Their are a couple of challenges. A relatively easy one is getting the walls to line up in such a way so that it looks like a real building front and not like the 'sides' that they really are.  This was pretty simple.  The harder task was to re-create the roof-line, which has several different angles and gables that were a challenge to get correct.  I used the original roof section to create templates for the roof angles (you can see this above on the side wall styrene section I created), but cut the roof section into separate pieces to get the gables.
Given that this building will be lit with LED strips, the interior walls were giving the customary coat of black paint to eliminate all the translucency of the plastic, and some balsa wood strips were used to provide structural support as well as a mounting base for the LED strips.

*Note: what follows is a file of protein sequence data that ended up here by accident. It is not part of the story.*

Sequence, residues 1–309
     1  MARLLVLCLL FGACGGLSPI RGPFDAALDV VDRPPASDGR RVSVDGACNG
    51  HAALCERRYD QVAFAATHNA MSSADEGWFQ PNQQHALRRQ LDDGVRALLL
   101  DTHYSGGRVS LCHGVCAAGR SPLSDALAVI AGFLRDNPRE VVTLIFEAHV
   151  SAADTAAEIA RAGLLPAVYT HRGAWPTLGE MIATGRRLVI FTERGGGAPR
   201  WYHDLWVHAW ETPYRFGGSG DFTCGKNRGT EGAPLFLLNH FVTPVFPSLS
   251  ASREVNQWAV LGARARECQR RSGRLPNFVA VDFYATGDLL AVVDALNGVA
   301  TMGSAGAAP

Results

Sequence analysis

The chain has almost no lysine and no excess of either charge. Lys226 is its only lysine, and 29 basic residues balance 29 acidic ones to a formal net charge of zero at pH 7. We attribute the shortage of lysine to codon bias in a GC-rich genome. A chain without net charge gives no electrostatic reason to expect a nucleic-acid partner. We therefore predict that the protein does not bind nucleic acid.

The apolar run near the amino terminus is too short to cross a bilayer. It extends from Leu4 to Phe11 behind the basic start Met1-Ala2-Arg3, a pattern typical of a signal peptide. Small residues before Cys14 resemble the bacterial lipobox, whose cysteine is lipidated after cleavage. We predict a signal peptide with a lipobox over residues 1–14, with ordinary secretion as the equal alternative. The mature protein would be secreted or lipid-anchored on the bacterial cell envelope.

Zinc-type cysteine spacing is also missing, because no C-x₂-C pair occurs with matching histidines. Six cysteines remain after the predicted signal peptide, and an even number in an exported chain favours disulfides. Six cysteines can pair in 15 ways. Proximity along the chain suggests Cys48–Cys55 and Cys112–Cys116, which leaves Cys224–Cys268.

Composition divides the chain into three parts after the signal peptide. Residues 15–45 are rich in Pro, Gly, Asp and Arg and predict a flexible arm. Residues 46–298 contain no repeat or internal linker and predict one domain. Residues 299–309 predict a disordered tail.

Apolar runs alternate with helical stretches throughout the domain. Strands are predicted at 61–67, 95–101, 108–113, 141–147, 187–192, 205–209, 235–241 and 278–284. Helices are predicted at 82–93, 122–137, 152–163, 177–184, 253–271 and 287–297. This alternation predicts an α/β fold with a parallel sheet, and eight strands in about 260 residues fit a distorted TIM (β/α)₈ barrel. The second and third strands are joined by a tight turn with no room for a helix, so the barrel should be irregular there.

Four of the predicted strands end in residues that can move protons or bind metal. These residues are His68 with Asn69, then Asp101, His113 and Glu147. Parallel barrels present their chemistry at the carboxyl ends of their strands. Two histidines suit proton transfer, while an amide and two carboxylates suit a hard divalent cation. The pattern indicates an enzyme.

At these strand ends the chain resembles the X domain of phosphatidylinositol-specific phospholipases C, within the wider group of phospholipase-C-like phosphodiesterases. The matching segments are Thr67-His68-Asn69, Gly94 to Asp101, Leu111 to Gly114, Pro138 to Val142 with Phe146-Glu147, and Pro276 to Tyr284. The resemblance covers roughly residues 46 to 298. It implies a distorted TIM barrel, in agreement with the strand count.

A few ground floor details (which includes a new styrene ground floor to match the new buildings foot print) were added.  Faily minimal; some patterned paper for background walls, some Kibri picnic benches for tables/chairs, and some cheap Chinese N scale figures to add a bit of dimension.
Obviously, if you look close enough, it will be apparent that I used the side walls to make the front of the building a lot longer, but if you didn't know better, this trick is convincing enough! The below photo shows the 'extended' Public Records office building and the traditional coffee house.
Another view of the structures from the opposite end.